Other important loandwords to Kiavic from Ixnayan languages include mestiśuv ("person of mixed Coscivian and non-Coscivian descent", from Tryhstian mestiço), Gipklévig ("cede territory under the threat of force", from Ábciwidar gib clay), and bola ("bomb", from Hekuvian Latin pyrobola).
There are three main literary registers of Kiravic. While all are mutually intelligible, they differ substantially in vocabulary, syntax, lexico-morphological rules, orthography, and style.
- Nohæric is the register of Kiravic that developed from the conventions established by the earliest schools of rhetoric to begin teaching rhetoric in Kiravic in addition to Iatic during the Confederate Republics period. Today, Nohæric remains the register of prestiege, and is used in most literature, periodicals with a republican-class, upper-class, or professional audience, and polished correspondence.
- Standard Kiravic (Kiravic: Oscandikiravirona), also known as tèlúverþarona ("schoolbook language") is the register of Kiravic that developed during the mid-20900s when mass immigration from Old Coscivia led to Kiravic being used primarily as a vehicle for interethnic communication. The name of the register comes from the Verþa Danneoscandinæl ("Book of Lesson Standards"), a set of guidelines for primary-school Kiravic instruction produced by a consortium of educators and grammarians at the request of the Kiravian government in 20962. Standard Kiravic makes more use of...than Nohæric...It is the register taught in most schools and (broadly speaking) used in most high-circulation periodicals. Written materials produced by the Federal government for public consumption tend to adhere to Standard Kiravic conventions, as do the vast majority of business and trade documents.
- High Kiravic (Kiravic: Iĥtikiravirona) is a conservative form of Kiravic that deviates as little as possible from the Kiravian dialect of Common Iatic used during the colonial period and is replete with lexical and stylistic borrowings from older and higher forms of Iatic. While it is the least commonly used of the three main registers, High Kiravic is encountered in many of Kiravia's greatest literary works, a growing number of higher-brow periodicals, and in some recent works of popular nonfiction (especially on historical or political topics). The language of legal documents and proceedings most closely resembles High Kiravic, earning it the informal apellation áldarona ("legalese").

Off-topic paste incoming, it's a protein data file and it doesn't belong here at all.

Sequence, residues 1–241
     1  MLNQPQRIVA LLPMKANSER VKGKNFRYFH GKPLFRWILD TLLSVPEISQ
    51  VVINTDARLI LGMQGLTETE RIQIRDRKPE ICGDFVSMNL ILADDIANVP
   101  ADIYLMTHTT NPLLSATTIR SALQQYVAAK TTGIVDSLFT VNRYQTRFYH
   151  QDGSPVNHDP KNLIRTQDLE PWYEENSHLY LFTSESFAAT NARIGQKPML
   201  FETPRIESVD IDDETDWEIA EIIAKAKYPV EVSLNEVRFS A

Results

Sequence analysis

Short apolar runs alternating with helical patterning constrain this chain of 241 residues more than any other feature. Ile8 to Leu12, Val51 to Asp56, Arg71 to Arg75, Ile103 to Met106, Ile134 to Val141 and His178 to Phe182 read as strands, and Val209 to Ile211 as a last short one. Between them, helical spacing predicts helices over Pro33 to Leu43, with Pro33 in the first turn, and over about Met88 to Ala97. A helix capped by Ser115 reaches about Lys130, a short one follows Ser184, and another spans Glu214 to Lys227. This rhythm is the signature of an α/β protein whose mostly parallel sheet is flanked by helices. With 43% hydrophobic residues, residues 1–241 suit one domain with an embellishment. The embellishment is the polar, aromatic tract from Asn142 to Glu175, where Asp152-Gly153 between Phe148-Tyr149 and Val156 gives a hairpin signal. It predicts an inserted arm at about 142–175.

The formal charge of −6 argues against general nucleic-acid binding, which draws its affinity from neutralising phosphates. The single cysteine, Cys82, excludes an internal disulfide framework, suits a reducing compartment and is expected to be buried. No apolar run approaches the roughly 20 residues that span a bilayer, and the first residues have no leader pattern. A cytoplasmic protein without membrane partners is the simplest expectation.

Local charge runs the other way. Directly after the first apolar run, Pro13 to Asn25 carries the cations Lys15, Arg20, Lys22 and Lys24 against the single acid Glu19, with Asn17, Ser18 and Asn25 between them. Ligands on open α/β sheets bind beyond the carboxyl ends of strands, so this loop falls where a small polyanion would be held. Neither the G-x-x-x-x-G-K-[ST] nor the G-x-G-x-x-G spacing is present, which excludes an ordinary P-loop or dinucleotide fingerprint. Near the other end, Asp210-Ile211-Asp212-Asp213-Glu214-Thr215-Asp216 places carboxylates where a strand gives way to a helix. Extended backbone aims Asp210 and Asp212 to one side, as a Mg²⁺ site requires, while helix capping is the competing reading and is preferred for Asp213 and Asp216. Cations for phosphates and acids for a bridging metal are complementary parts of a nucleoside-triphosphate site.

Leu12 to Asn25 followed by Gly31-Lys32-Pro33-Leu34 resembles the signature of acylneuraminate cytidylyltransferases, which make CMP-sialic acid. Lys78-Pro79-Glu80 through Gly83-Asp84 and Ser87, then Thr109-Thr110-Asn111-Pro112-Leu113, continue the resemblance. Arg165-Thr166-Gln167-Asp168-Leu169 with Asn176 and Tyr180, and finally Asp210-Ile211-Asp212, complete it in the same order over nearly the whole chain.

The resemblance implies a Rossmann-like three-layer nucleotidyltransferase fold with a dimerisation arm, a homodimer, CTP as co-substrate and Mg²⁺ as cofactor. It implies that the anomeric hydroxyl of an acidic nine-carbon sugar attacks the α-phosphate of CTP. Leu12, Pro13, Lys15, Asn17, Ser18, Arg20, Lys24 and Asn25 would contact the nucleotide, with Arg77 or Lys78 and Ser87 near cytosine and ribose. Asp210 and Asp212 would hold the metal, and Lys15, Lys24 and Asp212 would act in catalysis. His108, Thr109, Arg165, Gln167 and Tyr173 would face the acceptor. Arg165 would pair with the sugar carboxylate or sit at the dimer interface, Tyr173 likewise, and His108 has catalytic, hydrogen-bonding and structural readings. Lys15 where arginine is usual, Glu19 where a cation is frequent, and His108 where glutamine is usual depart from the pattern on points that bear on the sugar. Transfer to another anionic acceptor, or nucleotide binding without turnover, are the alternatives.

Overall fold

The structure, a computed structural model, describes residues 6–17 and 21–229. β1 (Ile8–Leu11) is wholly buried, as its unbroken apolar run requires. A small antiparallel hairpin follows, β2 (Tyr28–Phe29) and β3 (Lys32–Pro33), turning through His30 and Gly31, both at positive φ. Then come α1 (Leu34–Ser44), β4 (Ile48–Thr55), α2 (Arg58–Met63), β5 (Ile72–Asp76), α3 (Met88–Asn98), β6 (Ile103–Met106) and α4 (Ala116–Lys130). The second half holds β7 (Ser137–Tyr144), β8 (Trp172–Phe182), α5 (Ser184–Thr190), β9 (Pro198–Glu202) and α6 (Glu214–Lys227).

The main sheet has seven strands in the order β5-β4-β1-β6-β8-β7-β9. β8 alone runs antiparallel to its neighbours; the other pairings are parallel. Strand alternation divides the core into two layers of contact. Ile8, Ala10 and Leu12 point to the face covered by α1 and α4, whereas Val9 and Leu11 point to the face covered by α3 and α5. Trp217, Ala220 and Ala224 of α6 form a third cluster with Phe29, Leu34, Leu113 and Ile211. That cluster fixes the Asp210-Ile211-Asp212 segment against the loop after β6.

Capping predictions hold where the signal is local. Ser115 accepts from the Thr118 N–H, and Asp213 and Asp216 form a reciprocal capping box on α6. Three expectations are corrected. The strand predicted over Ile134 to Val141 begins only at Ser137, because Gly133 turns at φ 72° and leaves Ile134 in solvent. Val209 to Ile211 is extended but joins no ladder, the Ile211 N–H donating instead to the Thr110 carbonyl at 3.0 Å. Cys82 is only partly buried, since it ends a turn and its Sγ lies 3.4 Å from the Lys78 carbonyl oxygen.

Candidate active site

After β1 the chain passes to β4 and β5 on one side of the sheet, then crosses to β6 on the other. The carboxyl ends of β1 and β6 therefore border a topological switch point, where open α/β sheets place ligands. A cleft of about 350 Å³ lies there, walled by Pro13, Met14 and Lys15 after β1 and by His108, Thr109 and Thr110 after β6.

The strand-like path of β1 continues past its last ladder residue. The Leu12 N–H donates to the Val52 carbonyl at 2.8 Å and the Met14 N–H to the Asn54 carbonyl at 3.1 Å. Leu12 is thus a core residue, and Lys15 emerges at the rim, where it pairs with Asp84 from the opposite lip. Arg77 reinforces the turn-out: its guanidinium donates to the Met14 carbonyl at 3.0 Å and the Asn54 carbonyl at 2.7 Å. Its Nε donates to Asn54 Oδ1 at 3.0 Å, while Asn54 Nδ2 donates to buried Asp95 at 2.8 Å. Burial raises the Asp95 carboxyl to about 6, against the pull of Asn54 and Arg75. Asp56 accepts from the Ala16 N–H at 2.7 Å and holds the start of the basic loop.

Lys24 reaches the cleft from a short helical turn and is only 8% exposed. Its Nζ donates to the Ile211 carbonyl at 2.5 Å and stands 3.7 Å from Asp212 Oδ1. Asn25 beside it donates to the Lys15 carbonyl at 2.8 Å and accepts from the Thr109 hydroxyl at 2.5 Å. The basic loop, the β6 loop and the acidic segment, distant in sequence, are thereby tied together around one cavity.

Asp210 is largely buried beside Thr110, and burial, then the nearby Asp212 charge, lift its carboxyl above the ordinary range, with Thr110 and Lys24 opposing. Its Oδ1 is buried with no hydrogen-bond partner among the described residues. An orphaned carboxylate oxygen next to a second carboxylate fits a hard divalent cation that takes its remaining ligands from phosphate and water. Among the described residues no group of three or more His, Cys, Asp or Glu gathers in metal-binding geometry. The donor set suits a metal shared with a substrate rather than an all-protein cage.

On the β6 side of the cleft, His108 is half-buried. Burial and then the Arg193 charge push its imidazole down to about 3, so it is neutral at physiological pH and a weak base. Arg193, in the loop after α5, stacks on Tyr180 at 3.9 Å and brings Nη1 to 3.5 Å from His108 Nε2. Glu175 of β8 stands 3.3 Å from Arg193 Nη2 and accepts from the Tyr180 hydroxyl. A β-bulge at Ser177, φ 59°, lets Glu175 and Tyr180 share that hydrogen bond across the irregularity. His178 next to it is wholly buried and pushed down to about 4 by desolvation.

There are several minor literary registers used among smaller communities, most of which adhere to style guides published by a particular literary society, university, or other institution. Today, it is often difficult to definitively say that a particular document is written in one register or another, though it is usually easy to identify which register's conventions it leans more toward.
- Far Northeastern Kiravic is spoken in the states of Farina, Axonléga, Sericordia, Canucróva, and parts of Livella. It has a strong Ańlan Coscivian influence on its vocabulary, and includes a progressive aspect for verbs borrowed from Ańlan.
- Upper Kiravic is spoken in north-central and northwestern Great Kirav, and borrows extensively from Central and North Coscivian languages. It has a rather singsong cadence and always distinguishes for animacy in third-person pronouns.
- Aterandic Kiravic is spoken in the general region of the southern Aterandic mountains and other highland areas in Southern Great Kirav, as well as overseas colonies settled by emigrants from this region. It borrows heavily from Celtic and Aboriginal languages and is notable for its nasal vowels and distinct cadence.
- Bayland Kiravic is spoken in rural and coastal areas of Hanoram, Ventarya, and Trinatria, especially by ethnic Tínorem. It is known for its archæic vocabulary, extensive use of the passive voice and potential mood, and distinctive raising of the vowels e and a.
- Xirayic is spoken in the Kiravian overseas colony of Xirya, where it is formalised and used for official purposes. One of its more salient features is the pronounciation of the adjectivial -x suffix as -s, which erases any phonological distinction between adjectives and adverbs.
In the Kiravian Federacy, Kiravic is the sole official and working language of the Federal government. It is the language in which all laws are written, as well as all original copies of official documents. Most federal subjects, with a few exceptions, use Kiravic as their language of governance either officially or unofficially. While all territories, intendancies, and governments-general use Kiravic as their official language by default, the more self-governing mainland states and chartered colonies are free to designate their own official languages, and several retain Kiravic only in a secondary or auxilliary capacity.
In Kiravia, Kiravic is the language of interethnic communication, business, and mass media. All public secondary (and most public primary) education is conducted in Kiravic, while higher education is conducted mainly in Iatic. Kiravic is spoken competently by 75% of the Kiravian population, by 56% as a native language, and by 27% as their sole native language. Most Kiravic speakers are fluent, either natively or non-natively, in one or more ethnic vernacular languages.
Due to Kiravian political and economic influence overseas, especially in Ixnay, Kiravic is often studied as a foreign language abroad, especially in Umcara, Kuhlfros, and Urcea. It is also widely taught and understood in the nations of the former Kiravian Commonwealth development group, the Far Echo Islands, and Nova Pictavia.